Will My Sinning End after Accepting Jesus?

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Martinho in email asked me a really great question: “If I have repented my sins, accepted Jesus as my Savior and pray that my sins will end, will I stop sinning?”

You and I (and everyone else) sin. Sin is a term used in archery meaning, missing the mark. We sin when we chose to not do what we are supposed to do and chose to do things we are not supposed to do.

Often sin is due to temptation; our being tempted to do something we shouldn’t or tempted to not do something we should. Temptation is always around us for us to sin. It is not a sin to be tempted however to give into the temptation, meaning to do whatever it is we know is wrong, is sin.

People who have repented and accepted Christ Jesus as their Savior, have their sins forgiven by God. Repented means that we turn away from doing the sins we have done admitting that we were wrong in doing them and pledging to not do them again and that we turn away from committing future sin. Accepting Christ Jesus as our Savior means that we humbly bow before God admitting that we by our own means can do nothing to take away our sins and are admitting that we owe absolutely everything to God.

God has made to us a promise that;

 “No temptation has overtaken you except what is common to mankind. And God is faithful; he will not let you be tempted beyond what you can. But when you are tempted, he will also provide a way out so that you can endure it.” 1 Corinthians 10: 13

What that means is that for us who have repented and accepted Christ Jesus as their Savior, the Holy Spirit of God informs us that not only are we being tempted to sin, the Holy Spirit informs us of how we can avoid sinning and gives to us the means and strength to not give into the temptation and sin. An example would be you and I are walking in a shopping mall and there’s a really nice small portable radio I like so much that I’m tempted to put it into my pocket without paying for it. The Holy Spirit would inform me that it is wrong to steal and that if I want it that I should pay for it and if I didn’t want to pay for it that I should leave it alone. My choice is to either listen to the Holy Spirit and not steal it and either purchase it or leave it there. God always leaves the choice making up to the individual because God has given to us free will to choose. If God had not given to us free will to choose, we all would be programmed like robots doing everything by script.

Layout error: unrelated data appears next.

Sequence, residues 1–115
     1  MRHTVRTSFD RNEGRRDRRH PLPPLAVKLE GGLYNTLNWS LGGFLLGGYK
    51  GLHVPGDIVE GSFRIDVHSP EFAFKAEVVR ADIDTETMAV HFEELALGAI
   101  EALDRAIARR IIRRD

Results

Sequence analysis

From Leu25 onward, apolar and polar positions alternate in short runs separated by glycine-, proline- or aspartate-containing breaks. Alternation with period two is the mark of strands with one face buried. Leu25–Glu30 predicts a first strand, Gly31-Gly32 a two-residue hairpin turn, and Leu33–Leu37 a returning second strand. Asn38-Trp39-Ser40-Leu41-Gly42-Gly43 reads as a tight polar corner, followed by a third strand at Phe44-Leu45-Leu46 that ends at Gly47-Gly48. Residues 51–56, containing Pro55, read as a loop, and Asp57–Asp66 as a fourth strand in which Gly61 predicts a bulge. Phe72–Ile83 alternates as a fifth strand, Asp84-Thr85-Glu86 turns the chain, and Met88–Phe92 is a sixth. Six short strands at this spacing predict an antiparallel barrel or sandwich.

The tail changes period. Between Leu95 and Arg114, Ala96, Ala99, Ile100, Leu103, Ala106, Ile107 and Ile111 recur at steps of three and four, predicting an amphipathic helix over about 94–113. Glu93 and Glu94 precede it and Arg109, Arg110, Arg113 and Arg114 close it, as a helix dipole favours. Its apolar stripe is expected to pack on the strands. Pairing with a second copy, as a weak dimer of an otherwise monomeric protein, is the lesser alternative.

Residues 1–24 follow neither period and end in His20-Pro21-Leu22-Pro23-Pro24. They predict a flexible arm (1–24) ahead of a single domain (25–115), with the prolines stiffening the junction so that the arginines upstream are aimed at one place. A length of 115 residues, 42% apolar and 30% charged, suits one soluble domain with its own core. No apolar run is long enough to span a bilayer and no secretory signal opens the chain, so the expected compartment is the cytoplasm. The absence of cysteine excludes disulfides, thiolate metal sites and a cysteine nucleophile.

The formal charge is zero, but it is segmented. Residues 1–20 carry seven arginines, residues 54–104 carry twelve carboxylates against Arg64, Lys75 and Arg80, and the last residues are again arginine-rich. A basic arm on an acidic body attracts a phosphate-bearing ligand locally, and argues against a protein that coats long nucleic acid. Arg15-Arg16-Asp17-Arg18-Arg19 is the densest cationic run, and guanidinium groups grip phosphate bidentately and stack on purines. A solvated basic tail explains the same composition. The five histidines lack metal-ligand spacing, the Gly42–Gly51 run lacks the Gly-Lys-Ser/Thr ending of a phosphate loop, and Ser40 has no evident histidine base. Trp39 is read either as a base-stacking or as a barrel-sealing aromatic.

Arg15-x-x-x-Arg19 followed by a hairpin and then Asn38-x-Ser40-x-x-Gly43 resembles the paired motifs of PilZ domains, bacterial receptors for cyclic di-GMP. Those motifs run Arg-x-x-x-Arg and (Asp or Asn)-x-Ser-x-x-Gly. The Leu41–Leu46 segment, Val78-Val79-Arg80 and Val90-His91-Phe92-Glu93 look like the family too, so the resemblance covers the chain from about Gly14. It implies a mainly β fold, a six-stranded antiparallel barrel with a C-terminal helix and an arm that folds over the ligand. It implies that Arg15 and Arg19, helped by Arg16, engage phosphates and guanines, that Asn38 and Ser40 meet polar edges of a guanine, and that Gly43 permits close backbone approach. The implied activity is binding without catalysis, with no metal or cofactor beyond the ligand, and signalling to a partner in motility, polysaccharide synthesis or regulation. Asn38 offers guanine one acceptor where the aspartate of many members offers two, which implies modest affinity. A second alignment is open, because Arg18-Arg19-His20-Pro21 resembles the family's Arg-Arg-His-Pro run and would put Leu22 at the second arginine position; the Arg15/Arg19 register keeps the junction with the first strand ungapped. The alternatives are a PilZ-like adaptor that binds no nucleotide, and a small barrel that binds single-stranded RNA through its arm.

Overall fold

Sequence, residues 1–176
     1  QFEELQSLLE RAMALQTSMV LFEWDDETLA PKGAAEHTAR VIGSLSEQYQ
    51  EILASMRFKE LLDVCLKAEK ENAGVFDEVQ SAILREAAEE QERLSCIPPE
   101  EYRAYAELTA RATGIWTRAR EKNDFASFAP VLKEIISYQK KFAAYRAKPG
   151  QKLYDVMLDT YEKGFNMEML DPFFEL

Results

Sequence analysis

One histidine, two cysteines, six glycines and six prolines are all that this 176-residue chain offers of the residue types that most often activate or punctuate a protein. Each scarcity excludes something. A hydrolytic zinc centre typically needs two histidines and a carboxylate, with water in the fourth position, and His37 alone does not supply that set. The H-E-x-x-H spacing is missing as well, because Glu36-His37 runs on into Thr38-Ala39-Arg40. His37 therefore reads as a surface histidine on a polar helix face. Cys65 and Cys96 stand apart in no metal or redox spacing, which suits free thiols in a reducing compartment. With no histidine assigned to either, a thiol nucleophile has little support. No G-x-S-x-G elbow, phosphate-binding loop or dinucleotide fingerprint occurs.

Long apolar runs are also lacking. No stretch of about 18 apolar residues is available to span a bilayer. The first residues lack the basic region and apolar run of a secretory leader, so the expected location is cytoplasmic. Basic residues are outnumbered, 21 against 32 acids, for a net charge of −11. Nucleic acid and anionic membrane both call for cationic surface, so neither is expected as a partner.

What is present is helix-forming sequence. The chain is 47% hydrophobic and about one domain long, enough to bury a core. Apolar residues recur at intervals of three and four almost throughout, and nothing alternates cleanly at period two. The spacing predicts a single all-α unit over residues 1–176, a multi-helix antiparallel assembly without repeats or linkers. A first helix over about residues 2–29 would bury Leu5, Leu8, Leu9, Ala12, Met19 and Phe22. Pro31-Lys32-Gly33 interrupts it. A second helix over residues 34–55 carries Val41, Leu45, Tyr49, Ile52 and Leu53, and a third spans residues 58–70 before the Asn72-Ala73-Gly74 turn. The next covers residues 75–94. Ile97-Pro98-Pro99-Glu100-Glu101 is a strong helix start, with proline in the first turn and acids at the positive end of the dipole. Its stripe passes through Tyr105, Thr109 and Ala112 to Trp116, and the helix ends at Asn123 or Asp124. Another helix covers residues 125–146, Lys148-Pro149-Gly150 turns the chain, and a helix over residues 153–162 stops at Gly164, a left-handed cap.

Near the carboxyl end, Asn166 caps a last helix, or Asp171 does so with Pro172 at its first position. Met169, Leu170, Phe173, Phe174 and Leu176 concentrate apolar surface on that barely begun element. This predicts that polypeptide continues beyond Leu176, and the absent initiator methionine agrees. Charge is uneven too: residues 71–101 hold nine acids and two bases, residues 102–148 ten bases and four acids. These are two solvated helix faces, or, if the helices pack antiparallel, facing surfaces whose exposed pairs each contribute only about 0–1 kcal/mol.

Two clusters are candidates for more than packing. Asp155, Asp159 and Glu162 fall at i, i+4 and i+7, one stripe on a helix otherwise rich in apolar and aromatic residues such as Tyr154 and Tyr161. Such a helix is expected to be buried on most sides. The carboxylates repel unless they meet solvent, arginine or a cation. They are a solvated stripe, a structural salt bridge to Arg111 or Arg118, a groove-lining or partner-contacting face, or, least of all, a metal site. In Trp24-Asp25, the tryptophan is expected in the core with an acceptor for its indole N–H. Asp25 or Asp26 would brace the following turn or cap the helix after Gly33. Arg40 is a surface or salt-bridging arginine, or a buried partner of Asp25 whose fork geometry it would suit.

Yet you and I do not always make the best choices in our life and thus we may at times fall into temptation and not listen to the Holy Spirit informing us of how to escape. Thus, even though we pray, our sins will not end while we are here on this earth before Christ Jesus’ return. Only Christ Jesus was and is perfect and did no sin while He lived on earth. For us who have repented and accepted Christ Jesus as our Savior, only when we get into Heaven will our sins end.

We are told to; “Consider it pure joy, my brothers and sisters, whenever you face trials of many kinds, because you know that the testing of your faith produces perseverance.” James 1: 2-3

Being forgiven of our sins by God does not however mean that we should just go out and sin because we know God will forgive us. For anyone who knowingly sins is knowingly going against God and is saying to God that God doesn’t matter.

‘Blessed is the one who perseveres under trial because, having stood the test, that person will receive the crown of life that the Lord has promised to those who love him.

When tempted, no one should say, “God is tempting me.” For God cannot be tempted by evil, nor does he tempt anyone; but each person is tempted when they are dragged away by their own evil desire and enticed.”‘ James 1: 12-14

So Martinho, because you and I don’t always make the right choice and thus we will at some time sin. Only Christ Jesus was and is perfect and did no sin while He lived on earth. For us who have repented and accepted Christ Jesus as our Savior, only when we get into Heaven will our sins end.